The exact moment that Matthews began considering the European route somewhat varies depending on the source, but the gist is this: While Matthews focused on playing in Switzerland, his parents and CAA reps were busy exploring the thought of him spending the 2015-16 season there too. “I met with the parents during the entire tournament, and Auston had no idea this was happening,” Crawford says. At least, not until after the U.S. beat Finland for gold and Matthews was named tournament MVP, at which point Crawford spoke with him for the first time. “They sprung this on him at the last moment and I can only imagine how people who are less mature, less put-together might’ve handled that,” Crawford says.
That night, while the team celebrated at its hotel in Lucerne, Auston and Crawford sat with Matthews’s parents on the outdoor patio. For the next two hours Auston pelted Crawford with questions—about competition in the Swiss National League, where Zurich had reached the finals for the second straight season; about other young players Crawford had steered in the past, like Anze Kopitar, Jamie Benn, and the Sedin brothers. Crawford didn’t live far from the hotel, but finally pulled into his driveway around 2 a.m.
“Talked a lot about our process and what I thought was important, what I thought we could do for him,” Crawford says. “He’s a bright kid. I got the impression that he was way beyond a 17-year-old at the time, he was actually very refreshingly centered and really directed in what he wanted. You could tell that he wanted to be a hockey player.”
The Matthews family has known this for years. For one birthday, Ema and Brian gifted him a white Arizona Coyotes jersey, which would eventually get covered in autographs and meet Daniel Briere. After ripping open the wrapping, Auston pulled the sweater over his head and bolted into the garage. Sensing her son’s excitement, Ema decided to encourage the dream. “If you work hard, you can get a very good scholarship in college,” she told him. Auston stopped stickhandling a puck around and looked at her. “But I want to play in the NHL.” Ema smiled, unsure how to react. “Well,” she replied, “you can do that too.” He had just turned six.
As he grew into the 6' 2", 210-pound battle tank that will soon inherit the hopes of Toronto, Matthews never lost this singular focus. Brian remembers Auston watching Pavel Datsyuk execute a nifty toe drag on television, and then spending two straight days practicing the move until it was perfect. “Even when he scored goals, it was like, ‘I’m happy I scored, but it’s not in the NHL yet,’” says Don Granato, Matthews’s USNDTP coach. Today, a running joke within the Arizona-based Bobcats youth hockey program stems from how Matthews handles summer camp assignments. “He’s the worst coach ever,” head instructor Ron Filion says. “He was playing harder than the kids who were three or four years younger. If you’re looking for somebody to beat up on little kids, you call Papi.”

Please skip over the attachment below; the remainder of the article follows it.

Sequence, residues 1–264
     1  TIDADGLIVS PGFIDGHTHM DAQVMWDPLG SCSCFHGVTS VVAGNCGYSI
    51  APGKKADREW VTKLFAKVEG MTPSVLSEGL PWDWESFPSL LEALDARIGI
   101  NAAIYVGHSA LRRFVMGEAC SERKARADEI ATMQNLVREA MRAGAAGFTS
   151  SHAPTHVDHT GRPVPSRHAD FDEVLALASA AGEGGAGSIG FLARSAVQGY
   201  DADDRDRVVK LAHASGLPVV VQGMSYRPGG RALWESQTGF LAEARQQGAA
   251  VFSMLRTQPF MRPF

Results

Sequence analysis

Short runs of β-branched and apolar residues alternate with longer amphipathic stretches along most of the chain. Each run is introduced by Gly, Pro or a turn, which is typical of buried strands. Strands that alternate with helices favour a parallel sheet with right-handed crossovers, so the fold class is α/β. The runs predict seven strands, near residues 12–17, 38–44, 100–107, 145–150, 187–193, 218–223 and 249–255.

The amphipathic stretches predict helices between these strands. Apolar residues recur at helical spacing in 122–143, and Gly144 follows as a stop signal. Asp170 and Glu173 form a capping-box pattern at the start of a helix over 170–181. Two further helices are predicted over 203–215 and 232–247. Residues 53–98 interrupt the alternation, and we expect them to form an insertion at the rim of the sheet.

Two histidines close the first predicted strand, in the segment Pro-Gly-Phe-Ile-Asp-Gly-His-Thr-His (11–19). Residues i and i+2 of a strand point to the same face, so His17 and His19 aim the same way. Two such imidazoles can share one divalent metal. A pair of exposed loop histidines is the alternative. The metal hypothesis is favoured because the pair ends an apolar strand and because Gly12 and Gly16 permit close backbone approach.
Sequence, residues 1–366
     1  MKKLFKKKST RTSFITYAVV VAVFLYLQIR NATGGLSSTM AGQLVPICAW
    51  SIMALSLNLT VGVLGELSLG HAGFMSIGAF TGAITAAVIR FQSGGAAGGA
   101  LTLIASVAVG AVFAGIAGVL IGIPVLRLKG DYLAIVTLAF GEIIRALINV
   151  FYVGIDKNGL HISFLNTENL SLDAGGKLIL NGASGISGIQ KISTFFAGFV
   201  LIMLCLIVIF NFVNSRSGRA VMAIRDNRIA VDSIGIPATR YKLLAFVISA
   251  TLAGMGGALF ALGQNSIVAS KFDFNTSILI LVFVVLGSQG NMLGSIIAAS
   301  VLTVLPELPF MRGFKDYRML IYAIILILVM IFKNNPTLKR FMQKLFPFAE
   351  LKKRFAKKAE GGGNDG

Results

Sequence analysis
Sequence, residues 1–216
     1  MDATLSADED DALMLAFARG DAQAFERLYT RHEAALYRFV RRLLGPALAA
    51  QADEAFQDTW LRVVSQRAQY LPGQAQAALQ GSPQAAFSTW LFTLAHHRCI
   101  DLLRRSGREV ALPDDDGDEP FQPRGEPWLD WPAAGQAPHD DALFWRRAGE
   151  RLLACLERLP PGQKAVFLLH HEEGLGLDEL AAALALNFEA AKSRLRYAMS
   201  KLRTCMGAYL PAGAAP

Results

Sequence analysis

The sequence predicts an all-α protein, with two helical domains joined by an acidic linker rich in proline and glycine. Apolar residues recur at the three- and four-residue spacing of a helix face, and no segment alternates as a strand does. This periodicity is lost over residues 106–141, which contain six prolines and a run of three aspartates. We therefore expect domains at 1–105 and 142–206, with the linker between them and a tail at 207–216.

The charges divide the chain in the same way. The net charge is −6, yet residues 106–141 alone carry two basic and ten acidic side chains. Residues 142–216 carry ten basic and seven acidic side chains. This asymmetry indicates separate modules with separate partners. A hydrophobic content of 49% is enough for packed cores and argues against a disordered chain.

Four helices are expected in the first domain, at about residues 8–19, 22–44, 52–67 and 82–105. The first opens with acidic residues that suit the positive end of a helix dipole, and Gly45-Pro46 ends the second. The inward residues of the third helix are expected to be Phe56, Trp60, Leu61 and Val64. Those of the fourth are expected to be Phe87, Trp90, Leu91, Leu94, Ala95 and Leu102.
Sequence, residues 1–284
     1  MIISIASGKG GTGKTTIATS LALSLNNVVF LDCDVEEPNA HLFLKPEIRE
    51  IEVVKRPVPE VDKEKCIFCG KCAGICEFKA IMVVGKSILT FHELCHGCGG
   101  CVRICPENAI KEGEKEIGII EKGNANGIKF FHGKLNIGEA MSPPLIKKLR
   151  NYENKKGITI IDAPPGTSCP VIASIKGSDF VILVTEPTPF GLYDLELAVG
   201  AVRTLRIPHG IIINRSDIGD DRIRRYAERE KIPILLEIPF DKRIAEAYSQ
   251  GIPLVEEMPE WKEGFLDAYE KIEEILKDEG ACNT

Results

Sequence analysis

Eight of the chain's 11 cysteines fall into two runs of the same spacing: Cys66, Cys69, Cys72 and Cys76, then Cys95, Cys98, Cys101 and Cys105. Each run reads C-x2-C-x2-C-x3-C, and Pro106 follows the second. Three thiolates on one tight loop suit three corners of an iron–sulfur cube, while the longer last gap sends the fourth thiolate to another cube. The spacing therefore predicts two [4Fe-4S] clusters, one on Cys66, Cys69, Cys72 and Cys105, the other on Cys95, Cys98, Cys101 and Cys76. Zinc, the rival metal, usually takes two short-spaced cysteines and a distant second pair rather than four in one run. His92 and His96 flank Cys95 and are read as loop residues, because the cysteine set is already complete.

Even Matthews’s longtime nickname suggests an image that belies his age. Crawford, for instance, likens his puck-protection and stickhandling skills to Stephen Curry. As his popularity soared—taking the streetcar to an August game proved an error when fans mobbed him for autographs—Auston never appeared to be fazed. Despite missing 14 games due to injury, he finished 10th in points. “I wouldn’t have known how to deal with it at all,” says teammate Shannon, who has 305 games of NHL experience with the Anaheim Ducks and Ottawa Senators. “He did everything as if he were a 10-year vet.”
And to think the experiment almost never happened.
By last August, the immigration process was still bringing headaches. The Matthews family had toured the Lions’ facility in Zurich right after the under-18 worlds finished, and Auston had settled on signing there upon returning stateside. He believed the Swiss League offered tougher, more experienced competition than Division I or the WHL. Plus, he liked the vibes from Crawford, Brisson says. Still, that was almost three months ago and no contract had been signed. In the time since, Crawford had gotten used to GM Edgar Salis entering his office, shaking head, and saying, “Doesn’t look good. Doesn’t look good.”
The major holdup concerned Matthews’s work permit. Since he had never played professional hockey anywhere else—being 17 years old and all—Matthews was technically ineligible to receive a visa under Swiss immigration regulations. “Honestly, the likelihood of this happening, we had a 10 percent chance,” Brisson says. “And the likelihood of him dropping off was probably at a rate of 90 percent.”
But when initial application was denied in June, but CAA pressed on. USA Hockey officials wrote letters of recommendation attesting to Matthews’s specialties. Brisson reached out to the American consulate in Switzerland. State authorities approved the paperwork, but federal offices in Bern balked, according to Laura Keegan, an attorney at Creative Arts Agency. At one point, Brisson says, the Lions had drafted a press release to explain why Matthews wouldn’t be coming, after all.